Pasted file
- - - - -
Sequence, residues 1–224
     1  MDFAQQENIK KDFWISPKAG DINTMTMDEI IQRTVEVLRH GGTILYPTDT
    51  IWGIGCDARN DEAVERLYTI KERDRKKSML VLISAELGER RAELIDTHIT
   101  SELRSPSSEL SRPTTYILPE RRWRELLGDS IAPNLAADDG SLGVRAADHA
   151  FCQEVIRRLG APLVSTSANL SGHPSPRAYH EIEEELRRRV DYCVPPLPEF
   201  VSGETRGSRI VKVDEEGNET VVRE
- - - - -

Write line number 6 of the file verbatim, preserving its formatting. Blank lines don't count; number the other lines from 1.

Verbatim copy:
   201  VSGETRGSRI VKVDEEGNET VVRE